Qantas says passengers to benefit from Emirates partnership
Qantas chief executive Alan Joyce says he is unconcerned about losing passengers to Emirates as a result of the two airlines entering a 10-year global partnership.
QANTAS chief executive Alan Joyce says he is unconcerned about losing passengers to Emirates as a result of the two airlines entering a 10-year global partnership.
From April 2013, Qantas will shift the stopping point for its services to London to Emirates’ home port of Dubai instead of Singapore.
Qantas passengers headed to destinations other than London can transfer to Emirates flights carrying the QF airline code, as part of the wide-ranging alliance that includes reciprocal frequent flyer benefits.
Passengers wishing to buy Qantas tickets to Europe from other Australian capitals, such as Perth, Adelaide or Brisbane, will be flown on Emirates aircraft.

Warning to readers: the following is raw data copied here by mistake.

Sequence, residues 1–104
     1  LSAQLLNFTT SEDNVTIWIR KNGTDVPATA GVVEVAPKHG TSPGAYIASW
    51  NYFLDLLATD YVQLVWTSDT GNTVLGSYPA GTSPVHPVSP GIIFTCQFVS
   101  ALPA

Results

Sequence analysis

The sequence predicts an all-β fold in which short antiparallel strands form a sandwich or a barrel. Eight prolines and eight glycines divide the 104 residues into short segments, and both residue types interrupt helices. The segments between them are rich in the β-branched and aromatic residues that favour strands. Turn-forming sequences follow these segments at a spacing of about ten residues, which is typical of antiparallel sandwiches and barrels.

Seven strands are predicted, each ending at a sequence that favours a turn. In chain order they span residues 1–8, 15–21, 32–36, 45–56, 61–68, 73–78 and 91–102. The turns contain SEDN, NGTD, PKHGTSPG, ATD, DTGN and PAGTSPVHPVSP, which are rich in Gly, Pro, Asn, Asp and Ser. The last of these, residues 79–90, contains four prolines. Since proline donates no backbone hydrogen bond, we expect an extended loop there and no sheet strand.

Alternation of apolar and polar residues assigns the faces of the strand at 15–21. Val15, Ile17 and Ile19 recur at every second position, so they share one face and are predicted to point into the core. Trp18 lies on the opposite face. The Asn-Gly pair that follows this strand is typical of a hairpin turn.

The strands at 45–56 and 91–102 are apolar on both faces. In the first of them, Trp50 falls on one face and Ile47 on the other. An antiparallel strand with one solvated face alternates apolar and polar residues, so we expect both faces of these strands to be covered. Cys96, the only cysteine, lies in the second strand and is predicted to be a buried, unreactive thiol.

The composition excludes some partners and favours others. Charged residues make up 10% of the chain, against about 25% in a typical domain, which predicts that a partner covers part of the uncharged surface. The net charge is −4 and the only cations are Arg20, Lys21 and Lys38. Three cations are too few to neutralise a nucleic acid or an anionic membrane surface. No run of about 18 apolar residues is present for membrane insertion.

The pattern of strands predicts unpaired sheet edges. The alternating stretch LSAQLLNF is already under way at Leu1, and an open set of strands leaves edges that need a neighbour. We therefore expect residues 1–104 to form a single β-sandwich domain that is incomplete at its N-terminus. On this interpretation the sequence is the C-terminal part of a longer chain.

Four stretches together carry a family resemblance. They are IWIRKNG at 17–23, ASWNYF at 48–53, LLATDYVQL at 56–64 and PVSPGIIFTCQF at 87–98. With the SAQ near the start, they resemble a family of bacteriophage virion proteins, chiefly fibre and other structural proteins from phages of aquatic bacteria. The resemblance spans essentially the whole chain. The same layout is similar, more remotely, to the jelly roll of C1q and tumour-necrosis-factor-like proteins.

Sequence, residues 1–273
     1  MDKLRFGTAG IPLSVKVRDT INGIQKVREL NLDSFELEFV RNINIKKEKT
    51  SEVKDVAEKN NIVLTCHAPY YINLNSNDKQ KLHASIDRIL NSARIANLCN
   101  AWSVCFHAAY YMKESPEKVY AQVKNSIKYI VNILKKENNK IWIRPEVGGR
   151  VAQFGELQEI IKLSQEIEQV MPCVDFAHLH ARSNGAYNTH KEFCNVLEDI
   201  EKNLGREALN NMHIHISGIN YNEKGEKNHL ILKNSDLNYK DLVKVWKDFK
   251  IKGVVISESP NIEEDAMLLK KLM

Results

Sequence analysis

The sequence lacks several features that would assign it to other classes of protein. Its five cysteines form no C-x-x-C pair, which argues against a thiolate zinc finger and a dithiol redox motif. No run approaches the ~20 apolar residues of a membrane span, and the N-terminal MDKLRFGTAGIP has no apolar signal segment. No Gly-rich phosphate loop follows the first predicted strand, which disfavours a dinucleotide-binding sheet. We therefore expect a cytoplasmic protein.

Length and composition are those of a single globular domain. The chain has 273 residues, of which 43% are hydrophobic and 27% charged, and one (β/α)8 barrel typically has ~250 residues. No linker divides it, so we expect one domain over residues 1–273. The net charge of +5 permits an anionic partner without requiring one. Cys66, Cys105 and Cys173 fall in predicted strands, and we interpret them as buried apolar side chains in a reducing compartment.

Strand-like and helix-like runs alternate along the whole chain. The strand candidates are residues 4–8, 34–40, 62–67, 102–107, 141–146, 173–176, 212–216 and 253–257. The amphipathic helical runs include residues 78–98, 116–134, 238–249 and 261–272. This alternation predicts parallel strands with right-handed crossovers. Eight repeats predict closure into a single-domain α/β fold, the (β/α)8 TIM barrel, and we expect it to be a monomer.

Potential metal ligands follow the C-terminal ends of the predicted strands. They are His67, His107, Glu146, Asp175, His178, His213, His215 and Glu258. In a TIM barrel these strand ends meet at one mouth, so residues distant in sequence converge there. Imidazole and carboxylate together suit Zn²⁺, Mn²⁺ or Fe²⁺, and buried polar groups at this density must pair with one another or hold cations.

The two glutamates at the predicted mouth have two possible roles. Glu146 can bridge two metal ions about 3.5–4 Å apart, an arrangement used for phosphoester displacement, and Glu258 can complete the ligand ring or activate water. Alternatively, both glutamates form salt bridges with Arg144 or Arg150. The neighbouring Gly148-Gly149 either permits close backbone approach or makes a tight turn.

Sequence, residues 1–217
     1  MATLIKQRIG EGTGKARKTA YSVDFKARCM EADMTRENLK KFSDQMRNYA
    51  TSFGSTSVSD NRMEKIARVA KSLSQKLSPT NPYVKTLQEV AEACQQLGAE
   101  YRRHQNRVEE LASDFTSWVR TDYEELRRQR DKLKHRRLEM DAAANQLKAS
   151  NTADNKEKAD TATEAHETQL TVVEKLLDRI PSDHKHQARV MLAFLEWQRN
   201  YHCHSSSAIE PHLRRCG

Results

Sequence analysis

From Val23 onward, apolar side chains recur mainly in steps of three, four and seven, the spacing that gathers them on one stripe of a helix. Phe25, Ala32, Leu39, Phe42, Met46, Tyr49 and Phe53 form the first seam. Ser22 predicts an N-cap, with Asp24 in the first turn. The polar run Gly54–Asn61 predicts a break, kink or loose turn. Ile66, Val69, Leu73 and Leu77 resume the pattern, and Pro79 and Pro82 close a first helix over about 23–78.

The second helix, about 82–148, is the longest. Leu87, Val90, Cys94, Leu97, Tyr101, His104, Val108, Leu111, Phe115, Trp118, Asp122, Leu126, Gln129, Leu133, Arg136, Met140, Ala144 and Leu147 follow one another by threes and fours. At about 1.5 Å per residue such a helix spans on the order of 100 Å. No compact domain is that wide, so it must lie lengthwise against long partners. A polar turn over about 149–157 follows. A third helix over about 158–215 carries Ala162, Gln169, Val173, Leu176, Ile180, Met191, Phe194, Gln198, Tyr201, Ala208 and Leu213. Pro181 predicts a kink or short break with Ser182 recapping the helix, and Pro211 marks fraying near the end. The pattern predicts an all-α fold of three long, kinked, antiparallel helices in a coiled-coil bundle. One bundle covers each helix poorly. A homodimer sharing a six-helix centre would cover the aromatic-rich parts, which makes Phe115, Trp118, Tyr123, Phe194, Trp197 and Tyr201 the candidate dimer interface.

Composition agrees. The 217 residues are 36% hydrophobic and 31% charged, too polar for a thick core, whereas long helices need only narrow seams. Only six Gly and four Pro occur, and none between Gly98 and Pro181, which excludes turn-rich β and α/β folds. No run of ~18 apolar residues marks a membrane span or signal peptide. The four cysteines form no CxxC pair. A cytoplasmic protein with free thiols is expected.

The Australian flag carrier said it would cease flights to Frankfurt, its only other European destination, and end codeshare arrangements with Cathay Pacific to Rome and Air France to Paris.
The long-running joint-services agreement between Qantas and British Airways would be terminated, although a BA spokesperson in Australia said the airline would continue to fly to Sydney via Singapore.
Mr Joyce said Qantas passengers would receive the same benefits when travelling on Emirates as they would on the Flying Kangaroo.
Asked if the move risked losing customers to the Dubai-based carrier, Mr Joyce said many of Qantas’s 8.6 million frequent flyers would still travel domestically and to the US, South America and Asia on the Australian flag carrier.
“There is absolutely no worries about our customers flying on Emirates,” Mr Joyce said.
“What we are doing is treating each other’s customers exactly the same as we would treat our own.
“This is great for customers because it gives them an amazing network around the world and I think it is great for our frequent flyer partners.”
Once the changes are implemented, Qantas would have in the space of a year to cut its European presence from five flights a day to two. – AAP
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